Yes Diane

And more fundamentally, because of these changes, the NHS will morph from a directly managed system of healthcare into a regulated industry of competing providers. It is the difference between an army run from the centre and the government giving over the defence of the realm to a bunch of competing mercenaries. (Obviously they would need a regulator. Ofsick, perhaps?) The Tories would not dream of organising defence in this way. Why are they introducing this system for healthcare?

Err, because defence is different from health care in a fundamental manner perhaps?

Because health care is more like food, education, housing, than it is like defence or the criminal law, where we desire and need a State monopoly?

9 thoughts on “Yes Diane”

  1. The last time that national defence was entrusted entirely to foreign mercenaries the standard of living didn’t recover for more than a thousand years. At least if you measure it by the chances of getting a hot bath.

  2. As a card-carrying bleeding-heart liberal,I’ve never seen the problem with mercenary armies.In fact the army and the supply of alcohol are two areas where unconstrained market forces might do a lot of good. Robert Clive won the Battle of Plassey by bribing one lot not to fight: cuts down on the bloodshed.From a Libertarian point of view , I can( just about) imagine that the Citizen Army of conscripts and volunteers is the beginning of the Modern State with its education system ,health service etc all there to avoid the disaster of the Boer War recruiting campaign when the feeble products of the factory system were too unfit to be enrolled and shot at by a lot of farmers.”Statism” stems from the need for cheap cannon fodder not socialism or fascism which came along later.Statism=Militarism.

  3. Thinking of defence in that way. Maybe there would be some merit in issuing Letters of Marque to people interested in sorting out the pirate problem around the Horn of Africa.

    I am sure that the shipping giant’s would like to see an end to the problem, and would be minded to pay for a solution, rather than the huge insurance that they are currently having to deal with, thus we could see a privateeer approach.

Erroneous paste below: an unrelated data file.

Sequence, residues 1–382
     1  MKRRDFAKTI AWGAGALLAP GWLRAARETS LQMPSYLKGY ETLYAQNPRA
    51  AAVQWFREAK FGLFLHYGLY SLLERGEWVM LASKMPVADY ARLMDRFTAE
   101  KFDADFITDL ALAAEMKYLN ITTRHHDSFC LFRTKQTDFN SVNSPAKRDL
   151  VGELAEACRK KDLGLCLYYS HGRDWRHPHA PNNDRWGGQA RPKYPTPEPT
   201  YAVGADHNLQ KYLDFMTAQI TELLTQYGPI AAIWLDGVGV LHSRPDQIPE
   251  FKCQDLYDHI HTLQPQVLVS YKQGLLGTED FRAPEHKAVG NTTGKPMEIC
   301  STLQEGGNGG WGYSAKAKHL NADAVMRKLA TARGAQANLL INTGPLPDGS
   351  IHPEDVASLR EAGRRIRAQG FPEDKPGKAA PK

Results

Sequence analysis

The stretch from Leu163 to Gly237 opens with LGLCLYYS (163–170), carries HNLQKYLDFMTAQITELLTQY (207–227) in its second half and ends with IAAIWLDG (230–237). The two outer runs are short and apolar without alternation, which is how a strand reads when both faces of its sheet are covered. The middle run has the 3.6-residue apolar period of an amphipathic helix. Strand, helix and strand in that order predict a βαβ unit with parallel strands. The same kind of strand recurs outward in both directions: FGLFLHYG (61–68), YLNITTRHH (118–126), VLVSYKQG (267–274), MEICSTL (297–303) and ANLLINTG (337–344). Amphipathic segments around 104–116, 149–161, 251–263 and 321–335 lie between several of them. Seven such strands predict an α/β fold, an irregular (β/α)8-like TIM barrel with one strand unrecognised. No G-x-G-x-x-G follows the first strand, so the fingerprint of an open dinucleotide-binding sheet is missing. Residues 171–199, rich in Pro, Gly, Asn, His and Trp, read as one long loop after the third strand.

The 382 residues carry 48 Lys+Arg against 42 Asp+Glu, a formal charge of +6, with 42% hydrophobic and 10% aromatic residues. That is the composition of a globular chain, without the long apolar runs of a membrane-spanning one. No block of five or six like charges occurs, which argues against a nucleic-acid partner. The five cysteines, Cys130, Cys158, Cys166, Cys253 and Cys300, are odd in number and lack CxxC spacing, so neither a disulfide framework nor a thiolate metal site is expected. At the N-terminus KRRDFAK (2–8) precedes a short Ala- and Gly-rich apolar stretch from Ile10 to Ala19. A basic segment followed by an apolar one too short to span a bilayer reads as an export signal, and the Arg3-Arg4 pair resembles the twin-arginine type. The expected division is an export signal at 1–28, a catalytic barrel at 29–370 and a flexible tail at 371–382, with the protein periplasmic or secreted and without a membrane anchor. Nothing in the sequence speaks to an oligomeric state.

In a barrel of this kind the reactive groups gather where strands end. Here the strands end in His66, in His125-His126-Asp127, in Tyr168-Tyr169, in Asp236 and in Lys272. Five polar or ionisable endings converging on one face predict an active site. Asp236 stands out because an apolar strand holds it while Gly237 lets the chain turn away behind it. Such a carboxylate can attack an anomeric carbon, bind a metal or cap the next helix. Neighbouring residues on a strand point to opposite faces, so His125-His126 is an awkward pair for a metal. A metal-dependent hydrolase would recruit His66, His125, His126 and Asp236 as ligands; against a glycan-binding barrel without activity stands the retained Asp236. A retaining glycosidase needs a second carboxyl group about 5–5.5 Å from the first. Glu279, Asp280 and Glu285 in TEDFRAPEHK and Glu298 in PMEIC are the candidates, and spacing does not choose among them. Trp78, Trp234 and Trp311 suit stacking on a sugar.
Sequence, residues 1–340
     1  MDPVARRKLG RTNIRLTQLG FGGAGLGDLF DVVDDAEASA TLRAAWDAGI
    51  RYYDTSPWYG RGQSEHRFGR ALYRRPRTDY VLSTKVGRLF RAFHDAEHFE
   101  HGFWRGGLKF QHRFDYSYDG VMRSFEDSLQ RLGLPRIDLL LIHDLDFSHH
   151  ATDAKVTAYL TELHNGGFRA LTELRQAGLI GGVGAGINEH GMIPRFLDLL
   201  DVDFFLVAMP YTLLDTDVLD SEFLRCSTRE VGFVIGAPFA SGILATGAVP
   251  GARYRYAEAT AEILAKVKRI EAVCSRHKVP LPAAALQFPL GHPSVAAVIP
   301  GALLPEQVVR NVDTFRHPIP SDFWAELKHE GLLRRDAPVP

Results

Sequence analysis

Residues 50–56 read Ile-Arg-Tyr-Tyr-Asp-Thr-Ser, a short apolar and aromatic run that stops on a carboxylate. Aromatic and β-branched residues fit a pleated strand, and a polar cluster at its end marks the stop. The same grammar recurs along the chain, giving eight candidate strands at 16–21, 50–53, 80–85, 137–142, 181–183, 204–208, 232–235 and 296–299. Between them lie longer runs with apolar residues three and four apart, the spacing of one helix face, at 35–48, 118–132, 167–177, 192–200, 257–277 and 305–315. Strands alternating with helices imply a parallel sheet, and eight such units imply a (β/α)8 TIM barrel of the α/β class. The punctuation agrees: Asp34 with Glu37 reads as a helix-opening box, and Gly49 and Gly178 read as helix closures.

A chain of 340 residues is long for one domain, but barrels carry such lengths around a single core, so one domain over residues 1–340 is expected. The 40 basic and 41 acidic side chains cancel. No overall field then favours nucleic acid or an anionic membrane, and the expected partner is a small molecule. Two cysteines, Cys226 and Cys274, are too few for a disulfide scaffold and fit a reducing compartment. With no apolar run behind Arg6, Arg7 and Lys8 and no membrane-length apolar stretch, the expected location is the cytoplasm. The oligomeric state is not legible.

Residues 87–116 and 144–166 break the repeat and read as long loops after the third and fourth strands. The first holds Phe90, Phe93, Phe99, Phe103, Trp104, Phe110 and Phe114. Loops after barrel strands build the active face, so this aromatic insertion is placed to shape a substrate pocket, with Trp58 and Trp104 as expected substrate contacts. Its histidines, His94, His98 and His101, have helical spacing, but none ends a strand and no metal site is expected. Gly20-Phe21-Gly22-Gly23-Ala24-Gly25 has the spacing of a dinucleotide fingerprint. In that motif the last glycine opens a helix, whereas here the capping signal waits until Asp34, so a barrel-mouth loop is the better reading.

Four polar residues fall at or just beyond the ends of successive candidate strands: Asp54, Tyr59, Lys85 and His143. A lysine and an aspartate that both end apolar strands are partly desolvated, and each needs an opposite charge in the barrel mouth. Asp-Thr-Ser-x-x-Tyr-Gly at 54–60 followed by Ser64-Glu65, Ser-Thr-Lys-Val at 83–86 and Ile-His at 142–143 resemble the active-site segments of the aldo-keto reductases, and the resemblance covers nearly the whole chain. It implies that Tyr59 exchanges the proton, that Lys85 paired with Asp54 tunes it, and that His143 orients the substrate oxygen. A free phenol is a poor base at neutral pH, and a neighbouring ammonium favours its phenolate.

4. Britain is a very high cost country. According to this – http://www.truthandpolitics.org/military-US-world.php#chart-1 – chart 3 says that the UK outspends China at market exchange rates. Wouldn’t it therefore make sense to outsource defence to China (as we already have our manufacturing) and get armed forces in the millions rather than agonising about recruiting in the thousands? Any unreliability issues could be addressed by incorporating suitable terms in the service level agreement.

  5. The royal navy did very well when the prospects of prize money added a Free Market edge to them, not that that is really the point. In order to allow people to live their lives without constant danger society evolved so that the state has a monopoly on violence (though the left would love to break that particular state monopoly), mean defence, courts, and later police. Everything else is secondary and might be usefully funded through taxation, or not.

    One thing that is strange is how reactionary so called progressives are. It does not matter whether the change leads to better outcomes, as moving closer to the best system in the world surely will. To them any and all change must be stopped simply because it is change.

  6. “how reactionary so called progressives are”: it applies in the arts too – there’s nothing so conservative as the avant garde.

  7. I don’t get your point. National defence and health care are both non-excludable. And the first you need defence from invading armies, the second you need defence from invading germs.

    Plus, your response suffers from the following retort: Yes we need a State monopoly. But which State? Why the United Kingdom of Great Britain and Northern Ireland? Why not Europe or Earth or England or Your Region or Your County or Your City/Town/Village or Your House or just plain old You? Why are you submitting to coercion by not just accepting this State’s monopoly on violence, but by justifying it also?

    Tim adds: Parts of health care are indeed non excludable (and also non rivalrous) and are thus public goods. I myself often use the example of vaccinations as such (herd immunity and all that). But that something is a public good simply means that it’s a good idea to subsidise production of it through the tax and spend system: nothing in the definition of a public good leads to the conclusion that the State should be the monopoly supplier.

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